A-Z of Canada: A is for Awesome

A is for Awesome

Once used to describe the feeling of awe created by, for example, Man walking on the Moon – now the word AWESOME just means Cool…

If you want to bond with Canadians in any situation, this is the word you need in your vocabulary!

A is for AwesomeYou’ll have to bear in mind things have changed a bit. Originally used in late 16th century English to convey the ability to inspire fear or awe, numerous examples of it could be found in the Bible, describing the “mighty and awesome” power of God. (Although not as numerous as the number of times it might be found in a 5-minute audio-sample recorded in an American school canteen).

These days it’s used by teens to describe anything from pizza to a well executed 360 degree Pop Shuv It – that, for those of you wondering if I forgot to proof-read, is a skateboarding term.

It can be, and is, liberally applied, by people of all ages here in Canada, to whatever might benefit from its emphatic validation, and it has gradually crept into my children’s lexicon. Its over-application has led to a sharp increase in its Irritability Quotient coupled with a dive in the legitimacy of its meaning. Now people who use “awesome” can be viewed as “lame” (that’s pathetic, not hobbling, just to be clear) by those who have moved with the vocabularic times and embraced “phat”, “sick” and “illin'”!

Where do you fall in the Generation Gap Guide To Expressions of Greatness?

  • 1920’s – the cat’s meow, the cat’s pyjamas, top-drawer
  • 1930’s – tops
  • 1940’s – swell
  • 1950’s – cool, hip
  • 1960’s – groovy (baby!)
  • 1970’s – far out
  • 1980’s – ace
  • 1990’s – awesome
  • present day – phat, sick
If you’d like more help with Canadian verbiage, have a look at the English/Canuck Dictionary


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Whitby Shores, Whitby, Ontario

By Aisha Ashraf

An autistic Irish immigrant in a cross-cultural marriage, Aisha Ashraf is the archetypal outlander, writing to root herself through place and perspective. Published in The Rumpus, The Maine Review, River Teeth, HuffPost and elsewhere, her work explores the legacy of trauma, the nature of being an outsider and the narrow confines of belonging. She currently lives in Canada.


  1. Hi Aisha,

    Great to see you have joined the Country A-Z challenge. “Awesome”
    The first time I heard this word was when we were on an American cruise liner in Alaska.
    Everything and anything was “Awsome”
    I remeber the “ace” word, but we also had another one in the 90’s which was “mega” Do you remember “mega”?
    I have added you to my Global A-Z blog which I’ve been busy creating over the weekend to list and promote all my blogging buddies and their friends 🙂


    1. Hey Carole, hope you’re havin’ an aaaaahhhhhhhsome day! I remember “Mega” LOL! What about “Excellent”, Bill & Ted’s Excellent Adventure an’ all that! Thanks for adding me to the ever-growing list!

    1. Hahaha! You are due for an upgrade then, repeat slowly after me…” That blog post I just read was phat!” You’re not as bad as me. I said something was “the cats pyjamas” the other day. That means I’m stuck in the twenties – and I wasn’t even born until the seventies!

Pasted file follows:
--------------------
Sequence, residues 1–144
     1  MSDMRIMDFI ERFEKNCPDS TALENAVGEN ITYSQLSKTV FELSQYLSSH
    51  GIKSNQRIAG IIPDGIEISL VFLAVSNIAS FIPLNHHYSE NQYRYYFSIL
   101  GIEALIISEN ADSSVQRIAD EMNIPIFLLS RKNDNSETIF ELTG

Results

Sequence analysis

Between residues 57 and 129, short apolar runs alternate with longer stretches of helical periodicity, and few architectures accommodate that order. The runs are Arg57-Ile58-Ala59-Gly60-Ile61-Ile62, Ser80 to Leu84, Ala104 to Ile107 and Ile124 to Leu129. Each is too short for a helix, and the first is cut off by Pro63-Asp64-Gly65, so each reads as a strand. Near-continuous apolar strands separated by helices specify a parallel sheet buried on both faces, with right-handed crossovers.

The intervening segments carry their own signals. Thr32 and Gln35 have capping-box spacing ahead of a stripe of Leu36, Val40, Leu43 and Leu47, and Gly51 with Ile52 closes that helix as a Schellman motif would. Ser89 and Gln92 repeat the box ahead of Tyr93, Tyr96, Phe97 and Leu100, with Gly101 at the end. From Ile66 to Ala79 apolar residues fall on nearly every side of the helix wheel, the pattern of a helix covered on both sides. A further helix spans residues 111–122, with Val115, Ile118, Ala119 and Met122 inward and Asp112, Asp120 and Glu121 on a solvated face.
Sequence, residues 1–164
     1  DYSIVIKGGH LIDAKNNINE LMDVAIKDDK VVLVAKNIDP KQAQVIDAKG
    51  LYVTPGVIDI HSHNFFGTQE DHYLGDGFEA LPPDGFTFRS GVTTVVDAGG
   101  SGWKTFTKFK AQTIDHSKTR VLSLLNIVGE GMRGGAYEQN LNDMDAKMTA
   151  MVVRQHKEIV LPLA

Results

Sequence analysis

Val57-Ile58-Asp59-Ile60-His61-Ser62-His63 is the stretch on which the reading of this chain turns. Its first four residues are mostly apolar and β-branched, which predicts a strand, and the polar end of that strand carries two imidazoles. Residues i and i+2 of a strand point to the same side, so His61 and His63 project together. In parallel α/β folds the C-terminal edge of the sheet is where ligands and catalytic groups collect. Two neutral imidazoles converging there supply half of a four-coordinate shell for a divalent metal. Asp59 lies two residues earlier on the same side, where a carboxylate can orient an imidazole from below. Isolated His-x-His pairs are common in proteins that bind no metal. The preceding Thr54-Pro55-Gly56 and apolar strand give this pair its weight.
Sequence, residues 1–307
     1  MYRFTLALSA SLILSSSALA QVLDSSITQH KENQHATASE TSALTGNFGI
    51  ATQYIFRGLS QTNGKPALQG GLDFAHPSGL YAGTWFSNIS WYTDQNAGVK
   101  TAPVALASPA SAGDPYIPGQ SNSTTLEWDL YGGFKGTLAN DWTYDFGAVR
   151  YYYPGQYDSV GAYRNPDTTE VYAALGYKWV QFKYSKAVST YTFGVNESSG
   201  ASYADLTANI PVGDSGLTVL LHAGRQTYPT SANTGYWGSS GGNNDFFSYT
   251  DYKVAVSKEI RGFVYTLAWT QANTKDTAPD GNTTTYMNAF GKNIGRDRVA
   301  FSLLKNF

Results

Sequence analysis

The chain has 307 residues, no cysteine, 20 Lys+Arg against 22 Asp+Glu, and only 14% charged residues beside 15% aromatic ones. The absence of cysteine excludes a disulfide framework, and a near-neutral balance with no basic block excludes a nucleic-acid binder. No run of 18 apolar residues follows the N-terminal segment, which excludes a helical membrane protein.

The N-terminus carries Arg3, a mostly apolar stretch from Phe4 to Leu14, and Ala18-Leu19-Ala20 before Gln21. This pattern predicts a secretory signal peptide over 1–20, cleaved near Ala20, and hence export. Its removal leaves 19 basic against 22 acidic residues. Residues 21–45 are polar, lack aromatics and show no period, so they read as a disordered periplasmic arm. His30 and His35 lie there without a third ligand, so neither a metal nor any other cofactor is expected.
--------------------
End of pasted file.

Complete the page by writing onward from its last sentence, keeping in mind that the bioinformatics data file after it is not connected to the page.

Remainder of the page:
1. It’s not for me to surmise where the British are stuck, although others might have some choice epithets! I think you tend to stick with what you used in your adolescent years – all that repetition somehow imprints it indelibly on your brain 🙂 Hope you enjoyed your sojourn in Toronto. Are you back in Blighty now?

  2. Hello – now I am in BIG trouble aren’t I … as I recently set up a blog award called the Awesome Blog Content (ABC) award – oh well! I like being ‘un’ fashionable…
    I remember ‘excellent’ really well – used it all the time – often more than once in the same sentence!
    I do use ‘sick’ too – so I’m not that old?!! 😉
    welcome to the ‘Personal A ~ Z’ series – it is really growing and very exciting!
    looking forward to seeing what you choose for B is for….

    1. Hi Alyson, thanks for the comment. Seeing as you’ve used the dreaded “Awesome” for altruistic ends I suppose I can let you off the hook!
      My Mum used to take the mickey out of my (over)use of the word “Excellent”, but “sick” – that’s one I can never bring myself to say – to me that will always mean “vomit”, something I don’t like to dwell on ever since one of my children threw up on the living room rug; despite rigorous cleaning, the smell hung around for days…
      Now, you don’t need me to tell you that if you subscribe you won’t have to worry about missing “B is for..” 😉

  3. That’s the beauty of slang: you often tend to use what your peer group uses and don’t ‘roll with the times’ and update your vocabulary. (Although if I started using ‘sick’ and ‘illin” my children would disown me.) I can honestly say that I’ve felt comfortable using the word ‘awesome’ a few times in my life: encountering mountains and their vistas, and the Grand Canyon spring to mind. But even then it sounded trite so I used ‘awe-inspiring’ instead.

    1. Yes, I agree, we get stuck in a kind of time warp, a similar thing happens with your CD collection. I refuse to buy CD’s anymore but haven’t yet made the leap to having all my music on the computer, therefore, my music collection has reached an impasse, and I end up sticking on the stuff was listening to “way back when” every time a convivial occasion arises… I’m pretty sure those choons aren’t phat anymore!

  4. what an awesome post, LOL 🙂
    although a Canuck myself, i don’t use it too often, at least i don’t think so.
    one term from the 90’s that i remember hearing/using a lot was ‘neat’, which of course had nothing to do with tidiness. did you ever run across that one?
    anyhow, thanks for sharing! happy blogging 🙂

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